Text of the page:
> choose words and phrases to convey ideas precisely
> maintain consistency in style and tone
II. Language and Research Skills for Writing
A. Language Skills
1. Demonstrate command of the conventions of standard English grammar and usage
a. grammatical relationships recognize and correct:
– errors in the use of adjectives and adverbs
– errors in noun-noun agreement
– errors in pronoun-antecedent agreement
– errors in pronoun case
– errors in the use of intensive pronoun
– errors in pronoun number and person
– vague pronouns
– errors in subject-verb agreement
– inappropriate shifts in verb tense
b. structural relationships
recognize and correct:
– errors in the placement of phrases and clauses within a sentence
– misplaced and dangling modifiers
– errors in the use of coordinating and subordinating conjunctions
– fragments and run-ons
– errors in the use of correlative conjunctions
– errors in parallel structure
c. word choice recognize and correct:
– errors in the use of idiomatic expressions
– errors in the use of frequently confused words
– wrong word use
d. No Error recognize:
– sentences free of errors in the conventions of standard English grammar and usage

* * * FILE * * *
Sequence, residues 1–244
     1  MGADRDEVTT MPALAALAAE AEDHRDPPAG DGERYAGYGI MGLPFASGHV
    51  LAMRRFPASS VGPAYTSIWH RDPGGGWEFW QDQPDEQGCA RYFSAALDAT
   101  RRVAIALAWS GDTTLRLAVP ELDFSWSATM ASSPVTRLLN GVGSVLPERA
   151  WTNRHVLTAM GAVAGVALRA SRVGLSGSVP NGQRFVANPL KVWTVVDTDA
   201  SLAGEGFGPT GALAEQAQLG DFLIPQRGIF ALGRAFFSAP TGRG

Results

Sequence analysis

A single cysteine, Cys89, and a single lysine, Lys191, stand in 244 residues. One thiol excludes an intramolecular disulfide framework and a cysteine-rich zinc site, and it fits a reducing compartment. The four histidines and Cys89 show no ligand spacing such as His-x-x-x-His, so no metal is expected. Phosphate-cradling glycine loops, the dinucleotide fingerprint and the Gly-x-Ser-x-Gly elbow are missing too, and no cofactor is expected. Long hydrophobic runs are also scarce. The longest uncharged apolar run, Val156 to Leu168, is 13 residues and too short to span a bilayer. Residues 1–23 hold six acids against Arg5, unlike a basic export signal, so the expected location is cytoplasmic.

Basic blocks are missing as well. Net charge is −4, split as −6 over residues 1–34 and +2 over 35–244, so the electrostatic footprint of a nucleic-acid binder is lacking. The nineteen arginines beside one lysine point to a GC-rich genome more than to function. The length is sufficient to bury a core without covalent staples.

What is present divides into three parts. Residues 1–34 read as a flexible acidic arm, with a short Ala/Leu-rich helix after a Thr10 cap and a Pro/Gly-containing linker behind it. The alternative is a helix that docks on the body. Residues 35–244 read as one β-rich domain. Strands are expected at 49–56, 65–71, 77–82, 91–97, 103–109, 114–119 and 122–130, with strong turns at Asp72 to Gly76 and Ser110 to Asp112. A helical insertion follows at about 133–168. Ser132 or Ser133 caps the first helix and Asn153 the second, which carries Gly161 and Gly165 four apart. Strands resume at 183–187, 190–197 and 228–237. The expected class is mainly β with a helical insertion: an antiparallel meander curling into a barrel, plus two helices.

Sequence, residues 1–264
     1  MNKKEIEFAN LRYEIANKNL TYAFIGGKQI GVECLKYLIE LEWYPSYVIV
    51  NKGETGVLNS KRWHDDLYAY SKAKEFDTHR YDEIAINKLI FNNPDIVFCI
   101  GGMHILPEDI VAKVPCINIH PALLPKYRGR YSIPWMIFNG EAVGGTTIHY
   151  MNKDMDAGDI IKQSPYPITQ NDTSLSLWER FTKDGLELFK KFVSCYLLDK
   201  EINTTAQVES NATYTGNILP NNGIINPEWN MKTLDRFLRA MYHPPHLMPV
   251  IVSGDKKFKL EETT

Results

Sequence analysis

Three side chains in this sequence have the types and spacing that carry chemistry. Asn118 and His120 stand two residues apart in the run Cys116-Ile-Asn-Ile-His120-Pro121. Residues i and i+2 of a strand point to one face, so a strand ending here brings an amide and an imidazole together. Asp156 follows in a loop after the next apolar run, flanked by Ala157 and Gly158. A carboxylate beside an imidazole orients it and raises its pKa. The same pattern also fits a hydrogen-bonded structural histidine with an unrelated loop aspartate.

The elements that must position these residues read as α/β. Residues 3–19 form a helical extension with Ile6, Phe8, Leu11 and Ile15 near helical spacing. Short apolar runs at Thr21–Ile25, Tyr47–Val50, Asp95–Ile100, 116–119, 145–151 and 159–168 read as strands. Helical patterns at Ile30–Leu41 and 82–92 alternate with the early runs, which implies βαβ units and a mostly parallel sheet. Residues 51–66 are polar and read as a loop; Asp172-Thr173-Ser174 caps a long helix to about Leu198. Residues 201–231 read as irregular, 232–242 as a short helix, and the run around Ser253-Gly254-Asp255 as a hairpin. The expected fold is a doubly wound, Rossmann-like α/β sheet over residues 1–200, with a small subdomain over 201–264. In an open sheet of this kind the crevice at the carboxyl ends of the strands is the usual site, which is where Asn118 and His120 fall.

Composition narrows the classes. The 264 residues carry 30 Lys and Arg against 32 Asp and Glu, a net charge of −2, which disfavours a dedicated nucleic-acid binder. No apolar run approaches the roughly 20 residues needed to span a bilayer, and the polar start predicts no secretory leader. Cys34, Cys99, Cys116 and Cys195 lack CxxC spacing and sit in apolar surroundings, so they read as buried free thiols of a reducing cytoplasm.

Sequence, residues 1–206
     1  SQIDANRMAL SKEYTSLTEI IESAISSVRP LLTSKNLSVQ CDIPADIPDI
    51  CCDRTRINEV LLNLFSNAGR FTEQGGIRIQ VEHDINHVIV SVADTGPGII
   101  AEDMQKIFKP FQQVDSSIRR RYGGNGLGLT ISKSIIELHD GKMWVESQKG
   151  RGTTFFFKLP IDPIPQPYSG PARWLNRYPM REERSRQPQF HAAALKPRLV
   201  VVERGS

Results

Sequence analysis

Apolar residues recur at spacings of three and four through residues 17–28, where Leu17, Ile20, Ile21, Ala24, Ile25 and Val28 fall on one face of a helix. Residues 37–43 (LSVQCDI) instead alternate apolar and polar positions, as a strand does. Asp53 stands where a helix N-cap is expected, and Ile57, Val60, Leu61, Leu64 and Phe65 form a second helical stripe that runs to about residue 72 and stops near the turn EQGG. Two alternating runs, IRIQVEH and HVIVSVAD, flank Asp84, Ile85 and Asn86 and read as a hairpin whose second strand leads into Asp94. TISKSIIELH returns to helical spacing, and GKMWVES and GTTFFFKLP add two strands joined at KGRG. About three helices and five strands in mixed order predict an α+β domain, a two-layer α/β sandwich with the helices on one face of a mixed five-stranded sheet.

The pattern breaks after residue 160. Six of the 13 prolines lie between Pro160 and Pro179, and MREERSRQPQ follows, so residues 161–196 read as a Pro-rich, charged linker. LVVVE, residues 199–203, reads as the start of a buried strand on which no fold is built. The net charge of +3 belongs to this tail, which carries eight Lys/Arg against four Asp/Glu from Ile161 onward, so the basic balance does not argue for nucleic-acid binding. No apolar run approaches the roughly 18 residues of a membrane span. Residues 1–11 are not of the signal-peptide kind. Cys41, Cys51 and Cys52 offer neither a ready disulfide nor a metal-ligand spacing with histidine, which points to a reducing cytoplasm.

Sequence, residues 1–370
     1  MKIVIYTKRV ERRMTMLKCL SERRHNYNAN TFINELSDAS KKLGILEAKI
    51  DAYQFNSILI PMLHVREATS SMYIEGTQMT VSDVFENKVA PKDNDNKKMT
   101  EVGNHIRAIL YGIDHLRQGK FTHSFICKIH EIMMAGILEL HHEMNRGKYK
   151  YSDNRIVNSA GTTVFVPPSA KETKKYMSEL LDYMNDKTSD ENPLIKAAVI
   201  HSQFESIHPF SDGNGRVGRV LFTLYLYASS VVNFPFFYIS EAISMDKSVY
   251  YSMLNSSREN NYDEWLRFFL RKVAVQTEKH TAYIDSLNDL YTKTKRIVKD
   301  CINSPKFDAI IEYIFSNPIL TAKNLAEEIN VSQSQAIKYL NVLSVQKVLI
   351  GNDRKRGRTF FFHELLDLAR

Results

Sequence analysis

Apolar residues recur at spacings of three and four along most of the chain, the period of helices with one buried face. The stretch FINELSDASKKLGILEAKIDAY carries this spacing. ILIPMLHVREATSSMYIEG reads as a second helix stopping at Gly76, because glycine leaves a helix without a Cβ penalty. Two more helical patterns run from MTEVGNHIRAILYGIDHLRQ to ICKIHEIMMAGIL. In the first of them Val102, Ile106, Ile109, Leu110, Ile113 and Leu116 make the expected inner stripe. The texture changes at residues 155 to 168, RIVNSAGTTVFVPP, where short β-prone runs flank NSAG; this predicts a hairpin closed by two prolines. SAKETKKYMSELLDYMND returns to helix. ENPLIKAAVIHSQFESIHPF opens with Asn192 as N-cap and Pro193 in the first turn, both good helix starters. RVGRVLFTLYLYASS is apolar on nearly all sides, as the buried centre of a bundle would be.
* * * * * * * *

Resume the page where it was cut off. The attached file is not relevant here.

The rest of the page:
2. Demonstrate command of the conventions of standard English capitalization and punctuation
a. mechanics recognize and correct::
– errors in capitalization
– errors in punctuation
> commas (e.g., the use of a comma to separate an introductory element from the rest of the sentence)
> semicolons (e.g., the use of a semicolon [and perhaps a conjunctive adverb] to link two or more closely related independent clauses)
> apostrophes (e.g., the use of an apostrophe to form contractions and frequently occurring possessives)
b. no errror
– recognize sentences free of errors in the conventions of standard English capitalization and punctuation
B. Research Skills
1. Recognize and apply appropriate research skills and strategies
a. assess the credibility and relevance of sources
b. recognize the different elements of a citation
c. recognize effective research strategies
d. recognize information relevant to a particular research task
|Praxis Core Academic Skills for Educators|
Admission-Tests Educators resources
Other Admission-Tests examsACT American College Testing: English, Math, Reading, Science, Writing
GRE Graduate Record Examinations Full - 2023
LSAT Law School Admission Test (LSAT)
TOEFL Test Of English as a Foreign Language(Educational Testing Service)
GMAT Graduate Management Admission Test: Analytical Writing Assessment (AWA), Quantitative section, Verbal section 2023
SAT SAT ( Scholastic Aptitude Test )
MCAT Medical College Admission Test - 2023